Martin, Rios win in San Diego
Ringside by Felipe Leon
Photos by Paul Gallegos
Bobby D. Presents, with the help of Jorge Marron Promotions, showcased the first fight card of the year in San Diego, Calif., last night. Returning to their previous home, the Four Points Sheraton Hotel, Bobby D. and company welcomed a sold-out house of 980 fans to witness a five-bout fight card filled with young local talent.
In the main event, local Chula Vista bantamweight Christopher Martin (13-0-2, 2 KOs) cruised to an easy victory and his first title as he was awarded a unanimous decision and the California State bantamweight title over durable Trinidad "Trini" Mendoza.
In the first, Martin tried to set the pace of the contest with a consistent jab and movement. Both fighters seemed to be studying each other until Martin near the end of round caught Mendoza with a hard right hand that sent "Trini" against the ropes.
Mendoza'a game plan became apparent in the second as he weaved under the constant pawing jab of Martin and attacked the body, at times trapping Martin in the corner. Half way through the round, Martin caught Mendoza with a hard counter left hook to the head that stunned the veteran. Martin attacked Mendoza as he stood with his back to the ropes but was unable to finish the job. Once Mendoza recuperated his senses, he calmly returned to attacking Martin to the body and head as the local favorite tried to slip the punches.
Mendoza went on the attack in the third, controlling the majority of the first half with relentless pressure as Martin began to fight from his back foot. Martin tried to switch to a southpaw stance in hopes of confusing the wily veteran, but there was no budging Mendoza from his position on the inside.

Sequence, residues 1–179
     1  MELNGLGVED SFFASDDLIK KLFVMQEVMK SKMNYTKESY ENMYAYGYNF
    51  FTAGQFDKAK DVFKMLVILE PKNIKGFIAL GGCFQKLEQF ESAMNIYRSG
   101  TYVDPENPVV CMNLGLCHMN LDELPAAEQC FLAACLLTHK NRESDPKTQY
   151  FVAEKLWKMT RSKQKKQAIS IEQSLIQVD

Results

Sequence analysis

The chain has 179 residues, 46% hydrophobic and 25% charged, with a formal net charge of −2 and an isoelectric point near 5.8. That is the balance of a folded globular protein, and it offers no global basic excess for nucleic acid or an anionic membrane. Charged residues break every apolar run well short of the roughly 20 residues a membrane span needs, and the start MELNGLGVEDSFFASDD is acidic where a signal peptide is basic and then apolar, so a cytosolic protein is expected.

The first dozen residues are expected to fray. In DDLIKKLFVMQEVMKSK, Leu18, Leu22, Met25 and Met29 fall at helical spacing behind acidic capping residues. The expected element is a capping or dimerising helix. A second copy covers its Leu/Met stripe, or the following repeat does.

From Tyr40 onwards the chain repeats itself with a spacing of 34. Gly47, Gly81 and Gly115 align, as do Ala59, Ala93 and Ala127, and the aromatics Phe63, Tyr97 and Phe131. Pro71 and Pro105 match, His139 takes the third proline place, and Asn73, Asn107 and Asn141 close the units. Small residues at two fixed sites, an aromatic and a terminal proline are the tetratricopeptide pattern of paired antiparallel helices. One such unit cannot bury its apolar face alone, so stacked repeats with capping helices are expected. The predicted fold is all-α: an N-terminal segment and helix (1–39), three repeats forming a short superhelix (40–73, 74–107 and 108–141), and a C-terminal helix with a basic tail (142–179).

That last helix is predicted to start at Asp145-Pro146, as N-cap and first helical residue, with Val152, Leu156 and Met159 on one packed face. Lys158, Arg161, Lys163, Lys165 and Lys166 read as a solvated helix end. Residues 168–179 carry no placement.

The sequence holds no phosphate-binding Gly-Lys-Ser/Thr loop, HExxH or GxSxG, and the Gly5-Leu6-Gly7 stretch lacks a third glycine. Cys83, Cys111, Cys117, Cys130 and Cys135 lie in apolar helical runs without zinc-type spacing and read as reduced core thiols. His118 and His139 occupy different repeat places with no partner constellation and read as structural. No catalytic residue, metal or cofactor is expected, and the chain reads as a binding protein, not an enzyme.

It was more of the same in the first half of the fourth from Mendoza, as he began to tight up his defense and continue to pressure Martin against the ropes, attacking with hooks to the body and right hands to the head. In the second half of the round, Martin began to box and use movement to try to tire out his much older opponent. In the last seconds of the round, both fighters threw bombs until the bell.
Martin continued his boxing ways in the fifth bouncing, throwing quick combinations while Mendoza continued to work. Martin, feeling confident, began to showboat by winking to the crowd and throwing punches from his waist. Mendoza was not impressed, and he continued with his usual strategy of weaving under the Martin jabs and trapping the San Diegan in the corner. Towards the end of the round, Martin began to put quicker combinations together as Mendoza began to run out of ideas to slow down his opponent.
In the seventh, Martin went in for the kill, landing three and four fast punch combination to the head of Mendoza as "Trini" just kept plodding forward in hopes of catching Martin with something big. Despite his seven percent kayo ratio and with the pro-Martin crowd chanting his name, Christopher loaded up in the last round trying to give the crowd what they were asking for. As they stood in close quarters, each fighter loaded up with big punches, but for different reasons: Mendoza in hopes of winning the bout since he was behind in the score cards, and Martin, trying to appease the crowd. As the last ten second thud was heard, both fighters went toe-to-toe and threw wild punches with nothing much on them to end the bout.